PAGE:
Nokomis second to none in baseball history
The Montgomery County community of Nokomis, population 2389, has the highest number of Baseball Hall of Famers per capita in the nation. In 1981, two local businessmen, Merle (Butter) Wright, a retired sales representative, a former local catcher, and Joe Kempe, a retired printer and baseball enthusiast, saw the significance of this unusual statistic and opened the Bottomley-Ruffing-Schalk Baseball Museum.
At first the museum was nothing more than a couple exhibits in the window of a local restaurant. But 24 years and three buildings later it moved to Nokomis's main street and the collection grew to include thousands of photos and several exhibits.
Central to the exhibit, of course, were the town's three Hall of Famers: "Sunny" Jim Bottomley, Charlie "Red" Ruffing, and Ray "Cracker" Schalk.
"Sunny" Bottomley was born in Oglesby, Illinois, and later moved with his family to Nokomis, where Sunny attended grade and high school. Bottomley worked in the local coal mines while still a lad. He signed with the St. Louis Cardinals in 1920, played two years in the minors, and then went to the majors. A "lefty" who played first base, Bottomley had a lifetime batting average of .310, and held the record for many years of earning 12 RBIs in one game. That record has never been broken but was once tied. He was inducted into the National Baseball Hall of Fame in 1974.
Charlie (Red) Ruffing was born in Granville, Illinois. Like Sunny Jim, Ruffing moved to Nokomis with his family while just a kid and attended local schools. He also worked in the local mines and had several toes severed in an accident there. He was a right-handed pitcher who went to the minors in 1923, and on to the majors in 1924. He went to the New York Yankees in 1930, where his status grew both as a pitcher and a batter. He was often tapped as a pinch hitter. One year he led the team in number of games won and in batting average. He played in seven World Series with the Yankees, earning a record of six wins and one loss. He was inducted into the National Baseball Hall of Fame in 1967.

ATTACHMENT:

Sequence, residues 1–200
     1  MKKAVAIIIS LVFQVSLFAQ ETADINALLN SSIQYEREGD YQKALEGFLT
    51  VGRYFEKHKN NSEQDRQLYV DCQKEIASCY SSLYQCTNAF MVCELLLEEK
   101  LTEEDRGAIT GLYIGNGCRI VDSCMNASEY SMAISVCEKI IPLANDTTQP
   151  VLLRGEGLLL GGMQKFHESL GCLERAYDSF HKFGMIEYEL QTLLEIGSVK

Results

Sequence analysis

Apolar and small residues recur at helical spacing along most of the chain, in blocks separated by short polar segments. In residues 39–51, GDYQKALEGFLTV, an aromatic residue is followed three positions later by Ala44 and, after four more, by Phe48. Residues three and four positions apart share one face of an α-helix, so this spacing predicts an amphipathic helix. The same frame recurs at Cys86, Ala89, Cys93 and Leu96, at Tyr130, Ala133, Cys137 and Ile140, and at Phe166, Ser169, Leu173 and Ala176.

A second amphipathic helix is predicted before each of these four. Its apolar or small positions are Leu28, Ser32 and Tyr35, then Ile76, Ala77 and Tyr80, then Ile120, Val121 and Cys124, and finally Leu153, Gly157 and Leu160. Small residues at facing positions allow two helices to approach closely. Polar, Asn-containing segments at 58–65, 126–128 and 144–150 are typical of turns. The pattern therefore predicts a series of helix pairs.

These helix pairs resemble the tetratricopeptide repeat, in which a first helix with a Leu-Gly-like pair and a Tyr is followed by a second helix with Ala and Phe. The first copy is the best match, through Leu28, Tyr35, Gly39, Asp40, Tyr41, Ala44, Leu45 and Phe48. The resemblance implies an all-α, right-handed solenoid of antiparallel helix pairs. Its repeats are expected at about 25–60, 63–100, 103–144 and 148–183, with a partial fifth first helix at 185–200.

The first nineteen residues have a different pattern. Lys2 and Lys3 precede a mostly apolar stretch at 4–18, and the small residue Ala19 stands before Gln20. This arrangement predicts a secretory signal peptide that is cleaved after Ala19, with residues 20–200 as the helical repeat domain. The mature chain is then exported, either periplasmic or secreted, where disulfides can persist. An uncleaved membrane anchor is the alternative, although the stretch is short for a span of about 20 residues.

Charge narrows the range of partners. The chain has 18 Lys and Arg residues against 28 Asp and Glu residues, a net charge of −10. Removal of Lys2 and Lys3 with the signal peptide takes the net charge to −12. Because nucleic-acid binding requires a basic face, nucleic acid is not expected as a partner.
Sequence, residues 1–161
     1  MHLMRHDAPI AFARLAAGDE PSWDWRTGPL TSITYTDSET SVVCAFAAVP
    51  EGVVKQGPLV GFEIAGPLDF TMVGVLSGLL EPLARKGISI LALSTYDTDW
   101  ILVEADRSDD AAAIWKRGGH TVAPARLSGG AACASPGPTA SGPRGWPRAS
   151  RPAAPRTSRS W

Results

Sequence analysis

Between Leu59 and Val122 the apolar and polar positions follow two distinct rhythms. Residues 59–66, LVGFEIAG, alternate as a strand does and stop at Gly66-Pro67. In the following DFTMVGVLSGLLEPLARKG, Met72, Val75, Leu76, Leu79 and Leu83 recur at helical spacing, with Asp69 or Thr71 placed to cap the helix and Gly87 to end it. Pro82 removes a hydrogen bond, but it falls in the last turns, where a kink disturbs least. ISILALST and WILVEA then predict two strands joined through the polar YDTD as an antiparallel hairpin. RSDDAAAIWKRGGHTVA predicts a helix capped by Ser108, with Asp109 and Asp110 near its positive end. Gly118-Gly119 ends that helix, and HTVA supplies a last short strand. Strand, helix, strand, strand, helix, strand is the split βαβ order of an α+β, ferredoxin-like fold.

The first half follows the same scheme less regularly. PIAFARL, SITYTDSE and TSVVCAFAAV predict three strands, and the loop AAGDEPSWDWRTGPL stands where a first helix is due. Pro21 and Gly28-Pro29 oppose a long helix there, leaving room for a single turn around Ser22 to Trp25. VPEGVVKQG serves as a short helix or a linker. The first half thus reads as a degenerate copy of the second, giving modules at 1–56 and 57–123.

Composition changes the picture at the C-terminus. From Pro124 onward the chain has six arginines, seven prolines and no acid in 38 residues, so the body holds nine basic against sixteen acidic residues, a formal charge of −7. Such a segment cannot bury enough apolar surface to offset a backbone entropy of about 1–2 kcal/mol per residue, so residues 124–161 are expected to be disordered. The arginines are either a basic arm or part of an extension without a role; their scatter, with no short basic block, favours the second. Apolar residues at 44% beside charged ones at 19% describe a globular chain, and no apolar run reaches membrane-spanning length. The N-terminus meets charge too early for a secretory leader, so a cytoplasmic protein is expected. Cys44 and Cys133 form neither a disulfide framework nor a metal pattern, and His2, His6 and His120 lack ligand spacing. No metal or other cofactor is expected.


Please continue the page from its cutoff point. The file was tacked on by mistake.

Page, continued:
Ray (Cracker) Schalk was born in Harvel, Illinois, (about 15 miles down the road from Nokomis) in 1892. Harvel did some work as a printer in nearby Litchfield and was signed by Milwaukee, an American Association team, in 1911, and with the Chicago White Sox in 1912. He was a right-handed hitting catcher with the Sox until 1928. Schalk was only 5' 7" tall and weighed 155 pounds. He holds the Major-League record for leading catchers in fielding (8 years), and for put-outs (9 years), as wll as the most put-outs by a catcher in one league, 1,910.
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He caught four no-hit games. On May 11, 1925, before thousands of spectators, he caught a baseball dropped from the Tribune Tower while dressed in a suit. He was inducted into the National Baseball Hall of Fame in 1955.
Unfortunately, the Bottomley-Ruffing-Schalk Baseball Museum was closed recently after the adjacent building was destroyed by fire. Though the museum facility was unusable, the exhibits and memorabilia suffered only smoke damage. They have since been detoxified and are now in storage. This past March, the museum board decided it would be more economical to raze the museum building rather than to renovate it, and to replace it with a new block construction building. According to the latest issue of the museum's newsletter, "The Bull Pen," the new construction "depends on funds from donations and fund-raisers, as receipts from insurance are woefully short of the amount needed."
Baseball fans are invited to contribute to the museum in the name of their favorite teams. For more information, write the museum at BRS Museum, P.O.Box 75, Nokomis, IL 62075.
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